Guess what someone gave us for Christmas. Fish! A whole quart bag full of Walleye filets! This can only mean one thing. It's time for a Fish Fry!
As simple and delightful as it sounds, there can be quite a bit of complexity involved. Up in this neck of the woods, people are on a constant quest to find "The Best Friday Night Fish Fry". One of the biggest reasons for this is because individual taste varies so greatly when it comes to fried fish. Some like it crunchy, some like it crispy, some like it pub style (smooth batter), some like beer battered, and some like a little bit of them all mixed together. We won't even get started on the "type of fish used" argument. So, when it came time to fry up our gracious Christmas present I initially was a bit stuck as to what type of batter to use. Trying to think smarter, not harder, I asked my wife what her preference would be. After going through the checklist, it was decided that something similar to a beer or pub style batter would be most approved of.
Now, I've made batters before. In general, the usually consist of Flour and a liquid of some sort along with a few seasonings. You will find recipes for them all over, some use eggs, some use baking soda and baking powder, some use beer, some use milk, this goes on and on. In the end, I always go with taste. Yes, I taste my experimental batters, even if they have raw eggs in them. I seriously can't figure out how people can just throw some ingredients together, cross their fingers, and hope for the best. Just doesn't make any sense to me. In this case, I headed into the kitchen with a couple of ideas and this is the batter recipe I came up with.
As a quick note: When digging through the cupboards, I came across a bag of Whole Wheat Flour. I don't use this very often but, want to do so for healthy sake. For this batter I used it and was very happy with the results. Also, this recipe worked for 6 whole walleye filets. Go less or more as would be needed.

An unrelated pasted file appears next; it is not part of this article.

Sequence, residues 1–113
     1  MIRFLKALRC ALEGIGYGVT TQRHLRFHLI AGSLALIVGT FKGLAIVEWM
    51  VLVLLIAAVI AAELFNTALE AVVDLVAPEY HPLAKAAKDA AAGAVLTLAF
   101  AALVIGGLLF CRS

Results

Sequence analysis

Tom's magic pub batter:
2 Cups Whole Wheat Flour
1/4 Cup Corn Starch
1/2 Can of Light Beer
2 Tbs Cooking Oil (I use Extra Virgin Olive Oil)
1 Tbs Sugar
1 Tbs Kosher Salt
1 Tbs Rub/Seasoning blend (You can substitute 1/2 Tbs Seasoning Salt & 1/2 Tbs Black Pepper)
Milk You will need atleast 1 & 1/2 cups but need more to create desired consistency.
Start by combining all of the dry ingredients. Crack the eggs into a separate bowl and stir in beer until well blended then dump this into the dry mixture. When you start mixing the wet and dry ingredients, add the oil and start pouring in the milk. The batter should become smooth with stirring. You know you are at the right consistency when the batter clings and coats your spoon or fork but will slowly drip off. Or as my oldest said, "till it's like snot!". Lovely imagery isn't it? But, the description is rather accurate. Here is what it looks like when all mixed.
Now that the batter is all mixed up, it's time to get everything else ready. When it comes to frying fish, I'm still a believer that Cast Iron is the only way to go. I got out my 14" cast iron pan, they are big fillets after all, and put an inch worth of canola oil into the pan. Now, there will be some that argue that the best fish is friend in bacon grease or rendered fat and, for the most part, they would be right! But, it definitely isn't the healthier option to go.
The pan was placed over Medium High heat. You really are shooting to get the oil up to 375 at the lowest. If you go less than that, your fish will get very oily. Next, we set up our battering station. This consists of the fish sitting drained in a bowl, followed by a flour dredging dish, and then the batter.
From this point, the process is pretty simple. With one hand you take the filet from the bowl, dredge it through the flour and then place in the batter. With the other hand you flip the filet in the batter to evenly coat it and then transfer to the frying pan. I apologize for not having pics of this process but, my hands were rather busy. The filets will begin bubbling away as soon as they hit the oil so be careful and use a grease screen if you have one.
Let the fish cook from 3-5 minutes before flipping depending on the thickness of the filets.
Once they are flipped, allow them to cook for another 2-3 minutes until they appear evenly golden brown. Repeat process until all filets are done.
Serve up with your favorite sides and condiments! This time for us it was some sweet potato fries and a veggie blend. I had mine with some "No Butz" BBQ Sauce.
Someone put in a request for tartar sauce. We didn't have any but, I wasn't about to let that stop me. So with a quick run through the kitchen I came up with a new tartar sauce recipe.
Butzed up Tartar Sauce:
6 Tbs Miracle whip
1 Tbs Pickle Relish
1 Tbs Basalmic Vinegar
2 Tbs BBQ Sauce (I prefer Hot, xtra hot, or "No Butz" flavors.)
Directions are simple: Mix it all together in a bowl. Great fresh but, the longer it sits the more everything blends.
This stuff is awesome! I managed to save some for myself to go along with leftover fish the next day at work.
These are two recipes I am glad to add to my collection and will highly recommend them to anyone!
Thanks for looking!